Li-Cycle announces plans for expansion in Kingston
Lithium-ion battery recycler Li-Cycle has announced plans to expand its facilities in the Kingston region, with the company set to replace its existing Spoke and Warehouse location on Hagerman Avenue with a brand new state-of-the-art building in the city. The new facility will be in line with modern technological advancements in the world of lithium-ion recycling.
The company recently hosted Canadian Prime Minister Justin Trudeau and Ursula von der Leyen, President of the European Commission, at an event in Kingston on Tues., March 7, 2023. During the event, the two toured the city’s existing Spoke facility, seeing firsthand how Li-Cycle recycles lithium-ion batteries “in a safe and environmentally friendly manner,” read a release from the company.
Li-Cycle, a Toronto-based company, has quickly become a leader in North American lithium-ion recycling. The company’s cutting-edge Spoke and Hub technologies allow for a 95 per cent recycling efficiency rate for lithium-ion batteries, which are commonly used to power electric vehicles (EVs) and other technologies.
“Li-Cycle’s Spokes… safely recycle battery materials through a proprietary submerged shredding process to produce ‘black mass’, an intermediate product which contains highly valuable metals, including lithium, nickel and cobalt,” noted the release. “Our ‘Generation 3’ Spokes have the capability to directly process full EV and energy storage battery packs without any manual dismantling, which enhances safety and cost-effectiveness.”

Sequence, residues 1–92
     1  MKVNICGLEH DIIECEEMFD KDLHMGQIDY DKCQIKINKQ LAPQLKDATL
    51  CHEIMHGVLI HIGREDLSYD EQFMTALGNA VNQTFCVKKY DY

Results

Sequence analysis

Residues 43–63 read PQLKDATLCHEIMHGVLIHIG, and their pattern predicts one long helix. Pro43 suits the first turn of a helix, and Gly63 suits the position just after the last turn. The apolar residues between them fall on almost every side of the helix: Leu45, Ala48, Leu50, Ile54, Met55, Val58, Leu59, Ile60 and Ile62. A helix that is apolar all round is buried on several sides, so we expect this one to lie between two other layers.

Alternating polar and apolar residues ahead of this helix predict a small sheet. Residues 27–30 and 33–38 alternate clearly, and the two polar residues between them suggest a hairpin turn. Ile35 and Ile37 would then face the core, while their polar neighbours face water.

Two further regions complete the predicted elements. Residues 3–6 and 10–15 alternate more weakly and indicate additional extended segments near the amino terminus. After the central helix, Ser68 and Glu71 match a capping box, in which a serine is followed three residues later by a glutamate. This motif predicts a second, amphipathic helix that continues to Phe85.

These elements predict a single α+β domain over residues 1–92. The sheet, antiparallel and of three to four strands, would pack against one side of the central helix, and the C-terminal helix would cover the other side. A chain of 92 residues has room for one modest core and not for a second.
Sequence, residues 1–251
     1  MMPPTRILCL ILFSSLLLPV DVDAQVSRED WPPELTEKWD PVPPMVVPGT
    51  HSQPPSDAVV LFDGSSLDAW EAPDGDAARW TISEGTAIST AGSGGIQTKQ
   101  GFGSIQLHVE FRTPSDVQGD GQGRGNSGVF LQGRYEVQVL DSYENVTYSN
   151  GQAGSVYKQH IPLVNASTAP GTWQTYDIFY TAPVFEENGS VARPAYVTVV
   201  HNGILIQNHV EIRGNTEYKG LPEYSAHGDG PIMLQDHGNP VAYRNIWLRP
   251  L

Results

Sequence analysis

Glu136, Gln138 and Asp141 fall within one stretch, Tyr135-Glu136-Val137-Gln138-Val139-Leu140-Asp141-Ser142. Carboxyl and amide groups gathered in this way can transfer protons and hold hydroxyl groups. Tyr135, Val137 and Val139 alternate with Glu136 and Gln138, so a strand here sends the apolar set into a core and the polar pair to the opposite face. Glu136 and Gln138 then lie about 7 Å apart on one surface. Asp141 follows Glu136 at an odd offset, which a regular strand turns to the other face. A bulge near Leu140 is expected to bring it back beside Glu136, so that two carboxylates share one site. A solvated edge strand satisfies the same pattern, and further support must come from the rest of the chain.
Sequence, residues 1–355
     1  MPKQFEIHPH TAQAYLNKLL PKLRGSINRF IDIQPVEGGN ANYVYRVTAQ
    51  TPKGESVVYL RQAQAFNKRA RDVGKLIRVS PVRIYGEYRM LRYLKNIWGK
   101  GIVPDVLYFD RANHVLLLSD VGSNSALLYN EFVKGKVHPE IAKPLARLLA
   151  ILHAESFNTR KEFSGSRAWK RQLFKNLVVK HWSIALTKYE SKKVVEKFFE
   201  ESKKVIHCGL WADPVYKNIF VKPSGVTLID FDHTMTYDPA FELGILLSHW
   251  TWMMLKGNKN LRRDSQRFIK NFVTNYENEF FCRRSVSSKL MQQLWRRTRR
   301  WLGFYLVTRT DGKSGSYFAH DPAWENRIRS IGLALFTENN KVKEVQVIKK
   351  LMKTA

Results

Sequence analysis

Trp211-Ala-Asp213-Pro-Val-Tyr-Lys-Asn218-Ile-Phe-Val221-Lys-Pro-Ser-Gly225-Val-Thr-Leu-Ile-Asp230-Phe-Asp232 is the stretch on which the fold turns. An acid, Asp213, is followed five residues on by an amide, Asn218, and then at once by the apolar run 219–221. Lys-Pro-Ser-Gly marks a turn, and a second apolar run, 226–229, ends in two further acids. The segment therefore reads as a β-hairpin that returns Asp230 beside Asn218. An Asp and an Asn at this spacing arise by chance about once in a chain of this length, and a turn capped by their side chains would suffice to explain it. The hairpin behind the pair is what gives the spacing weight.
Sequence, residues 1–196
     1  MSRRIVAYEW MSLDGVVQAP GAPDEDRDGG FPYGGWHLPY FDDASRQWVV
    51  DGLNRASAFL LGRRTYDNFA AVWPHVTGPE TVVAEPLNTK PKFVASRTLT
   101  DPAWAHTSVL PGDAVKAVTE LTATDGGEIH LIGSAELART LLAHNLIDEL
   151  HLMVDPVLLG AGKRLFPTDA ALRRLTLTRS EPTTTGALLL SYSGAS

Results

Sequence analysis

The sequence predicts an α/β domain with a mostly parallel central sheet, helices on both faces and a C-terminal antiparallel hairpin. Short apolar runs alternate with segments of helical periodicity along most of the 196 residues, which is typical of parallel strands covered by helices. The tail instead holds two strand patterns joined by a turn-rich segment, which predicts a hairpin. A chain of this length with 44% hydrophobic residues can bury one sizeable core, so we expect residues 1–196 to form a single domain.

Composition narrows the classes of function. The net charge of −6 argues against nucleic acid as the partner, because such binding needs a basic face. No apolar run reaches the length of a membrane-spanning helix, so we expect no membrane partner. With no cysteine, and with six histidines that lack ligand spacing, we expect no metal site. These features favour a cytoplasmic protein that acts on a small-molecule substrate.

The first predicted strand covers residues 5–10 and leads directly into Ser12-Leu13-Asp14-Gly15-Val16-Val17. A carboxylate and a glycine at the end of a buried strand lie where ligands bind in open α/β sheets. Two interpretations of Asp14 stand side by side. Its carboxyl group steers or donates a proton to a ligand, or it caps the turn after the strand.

The company currently operates four Spokes across North America, with the first Canadian facility located here in Kingston. Li-Cycle’s Kingston Spoke opened in 2020, and their newly-announced plans aim to replace that facility with a location capable of operating at their ‘Generation 3’ Spoke technology. “Li-Cycle’s new Ontario Spoke… is expected to have a processing capacity of up to 10,000 tonnes of lithium-ion battery material per year, which is double the existing facility’s processing capacity of 5,000 tonnes per year.”
The new facility will be able to process “full EV and energy storage packs without any manual dismantling.” The new Kingston location will also include additional research and training facilities, with construction expected to begin in 2023.
News of the company’s expansion in Kingston drew support from local elected officials, including Mark Gerretsen, Member of Parliament for Kingston and the Islands. “Li-Cycle’s expansion in Kingston is an important part of making Canada a clean tech innovator the world over. Since my initial tour of Li-Cycle’s local facility, I’ve been continually impressed by this company’s innovation and growth.
“I’m so pleased that Li-Cycle had the opportunity to showcase their local operations to Prime Minister Trudeau and President von der Leyen during their [recent] visit to Kingston,” Gerretsen added.
Outside of the work being done in North America, Li-Cycle is also currently expanding its services into Europe, with a new facility planned for Magdeburg, Germany. The German location will be capable of processing 30,000 tonnes of lithium-ion battery material per year. By the end of 2023, the company expects to have an annual total processing capacity of 80,000 tonnes across its North American and European facilities.